Missionary group says Nicaragua feeling prayers, and pressure, to free pastors

Missionary group says Nicaragua feeling prayers, and pressure, to free pastors

Missionary group says Nicaragua feeling prayers, and pressure, to free pastors

Texas-based missionary group Mountain Gateway continues to work diplomatic channels to effect the release of 11 Nicaraguan pastors and missionaries jailed in their home country on trumped up money laundering charges, group leader Britt Hancock says.

U.S. and foreign governments are slowly building momentum that Hancock hopes will put pressure on Nicaraguan President Daniel Ortega.

Those efforts are important but what the pastors and their families need most, Hancock says, is prayer.

“The international pressure is really good, but Jesus is the only one who can move a dictator to do the right thing, so we really need lots of prayer,” Hancock said on Washington Watch last week.

Hancock said the 11 each face between 12 and 15 years in prison and fines in excess of $80 million.

Hancock and two other Americans also faced charges but were not in Nicaragua at the time the others were arrested. The group said it complied with all government rules to operate in Nicaragua. (See earlier story)

In December, Mountain Gateway said it was "saddened to hear that our registration as a ministry in Nicaragua has been canceled. In response to the allegations of money laundering, Mountain Gateway possesses documentation demonstrating that all funding has been managed appropriately."

In 2023, Nicaragua's government declared the Jesuit religious order illegal and ordered the confiscation of all its property. It confiscated the Jesuit-run University of Central America in Nicaragua, arguing it was a "center of terrorism."

Hancock, Britt (evangelist) Hancock

Since December 2021, at least 26 Nicaraguan universities have been closed and their assets seized by order of the Ortega government with a similar procedure. Seven of those were foreign institutions.

“It’s a case in name only. You just said Kangaroo court, I’m not sure any kangaroos even showed up to this one. No defense evidence was presented, there were no witnesses for the defense. They were actually convicted of a crime that they weren’t really tried for. All the witnesses were hearsay witnesses, second- and third-party witnesses on the part of the prosecution,” Hancock told show host Tony Perkins. “From this group, they want over a billion dollars. It’s not enforceable. It’s ridiculous.”

Sens. Rick Scott (R-Florida) and Ted Cruz (R-Texas) sent a letter to President Biden on March 14 expressing “deep concern” and naming Ortega and Nicaraguan Vice President Rosario Murillo for repeated religious freedom violations in Nicaragua.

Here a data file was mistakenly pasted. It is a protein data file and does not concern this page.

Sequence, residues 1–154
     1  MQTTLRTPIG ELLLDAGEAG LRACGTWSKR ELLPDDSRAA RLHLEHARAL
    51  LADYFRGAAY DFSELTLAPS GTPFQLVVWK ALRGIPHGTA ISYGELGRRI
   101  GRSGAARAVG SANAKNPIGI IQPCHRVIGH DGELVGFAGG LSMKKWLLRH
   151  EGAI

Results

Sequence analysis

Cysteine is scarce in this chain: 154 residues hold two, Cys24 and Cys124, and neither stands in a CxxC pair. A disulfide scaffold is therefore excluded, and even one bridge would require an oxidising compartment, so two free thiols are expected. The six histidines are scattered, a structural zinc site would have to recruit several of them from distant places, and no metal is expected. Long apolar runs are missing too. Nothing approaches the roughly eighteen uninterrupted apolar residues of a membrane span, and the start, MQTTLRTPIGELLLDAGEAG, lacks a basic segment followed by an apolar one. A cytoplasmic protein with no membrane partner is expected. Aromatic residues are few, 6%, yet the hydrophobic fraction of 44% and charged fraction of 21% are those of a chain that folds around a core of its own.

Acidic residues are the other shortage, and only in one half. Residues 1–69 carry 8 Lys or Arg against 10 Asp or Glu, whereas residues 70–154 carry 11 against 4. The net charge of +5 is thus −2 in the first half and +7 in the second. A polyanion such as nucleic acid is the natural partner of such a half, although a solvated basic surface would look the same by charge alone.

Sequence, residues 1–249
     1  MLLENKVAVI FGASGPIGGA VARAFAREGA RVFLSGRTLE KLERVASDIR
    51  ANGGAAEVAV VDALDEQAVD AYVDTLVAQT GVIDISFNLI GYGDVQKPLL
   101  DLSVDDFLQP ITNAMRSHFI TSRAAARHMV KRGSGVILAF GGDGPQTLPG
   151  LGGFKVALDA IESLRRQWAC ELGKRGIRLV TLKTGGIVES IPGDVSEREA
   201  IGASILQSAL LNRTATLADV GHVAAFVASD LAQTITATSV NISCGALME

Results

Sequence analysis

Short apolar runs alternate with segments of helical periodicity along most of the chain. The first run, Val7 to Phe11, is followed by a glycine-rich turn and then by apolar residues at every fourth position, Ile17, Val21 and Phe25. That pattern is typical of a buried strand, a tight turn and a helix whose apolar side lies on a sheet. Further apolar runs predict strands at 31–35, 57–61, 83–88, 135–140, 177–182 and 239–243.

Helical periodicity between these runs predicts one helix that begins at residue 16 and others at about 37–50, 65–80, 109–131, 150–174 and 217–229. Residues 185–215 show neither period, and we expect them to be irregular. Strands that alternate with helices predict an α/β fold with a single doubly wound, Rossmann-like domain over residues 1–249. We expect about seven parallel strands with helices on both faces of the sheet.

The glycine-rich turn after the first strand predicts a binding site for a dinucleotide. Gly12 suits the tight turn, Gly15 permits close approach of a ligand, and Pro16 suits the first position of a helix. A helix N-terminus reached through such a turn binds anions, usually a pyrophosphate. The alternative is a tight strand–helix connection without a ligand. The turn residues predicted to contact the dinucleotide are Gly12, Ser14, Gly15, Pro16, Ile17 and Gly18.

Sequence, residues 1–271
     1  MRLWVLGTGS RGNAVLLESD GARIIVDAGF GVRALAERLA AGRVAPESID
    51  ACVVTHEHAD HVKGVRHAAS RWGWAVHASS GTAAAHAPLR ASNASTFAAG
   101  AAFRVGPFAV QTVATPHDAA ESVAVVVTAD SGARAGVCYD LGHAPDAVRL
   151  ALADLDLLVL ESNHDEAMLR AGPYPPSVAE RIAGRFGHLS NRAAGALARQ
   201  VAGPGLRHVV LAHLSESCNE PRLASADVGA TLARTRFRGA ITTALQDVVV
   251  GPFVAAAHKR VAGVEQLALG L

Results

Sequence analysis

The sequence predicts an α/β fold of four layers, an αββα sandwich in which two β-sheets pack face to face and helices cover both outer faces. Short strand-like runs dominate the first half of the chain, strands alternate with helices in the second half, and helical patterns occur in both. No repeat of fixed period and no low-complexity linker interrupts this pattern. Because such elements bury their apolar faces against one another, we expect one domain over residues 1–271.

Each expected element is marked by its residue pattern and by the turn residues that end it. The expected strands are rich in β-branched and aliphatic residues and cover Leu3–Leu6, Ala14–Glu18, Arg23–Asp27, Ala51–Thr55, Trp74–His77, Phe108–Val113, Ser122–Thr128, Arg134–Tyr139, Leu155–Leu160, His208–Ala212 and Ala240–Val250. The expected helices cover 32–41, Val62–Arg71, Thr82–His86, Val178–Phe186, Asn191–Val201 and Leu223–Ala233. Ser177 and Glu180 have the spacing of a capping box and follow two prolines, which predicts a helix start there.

The senators say they’ve seen an alarming increase in human rights abuses in Nicaragua since the pro-democracy protests of 2018.

They compared the government oppression to similar instances in Venezuela and Cuba.

“This administration must stand strong against the thugs who are oppressing the people of Nicaragua, as well as Venezuela and Cuba, and we must stand with the Nicaraguan people and pressure the Ortega-Murillo regime until religious freedom and human rights is restored, democracy upheld and the release of all political prisoners is secured,” the senators wrote.

Rep. Barry Moore (R-Alabama) is leading a similar effort on a House letter.

“We’re reaching out to all our contacts in the Department of State and in Nicaragua to let them know we will not stand for this. We’re going to continue to push this issue until we get it resolved in an appropriate manner,” Moore said in a video statement posted to X.

“We now have over 70 advocates in both houses and bipartisan advocates in Congress. We’ve run into a whole lot of people who care and are trying to do what they can. We’re continue to work in Washington to that end,” Hancock said.

European governments also involved

Similar efforts are under way in European governments.

“The Organization for American States has taken our case, the U.N.’s taken our case, the U.K. Parliament has a resolution that they’ve been working on condemning Nicaragua, and our case will be mentioned there. The European Parliament is working on something,” he said.

For now, the pastors remain jailed, as do the attorneys who represented them in what Hancock described as a sham trial with no evidence presented by the defendants.

Hancock is hoping things turn soon.

“We have indications from people on the ground in Nicaragua that (the government) is feeling the pressure,” he said.

The Associated Press contributed to this report.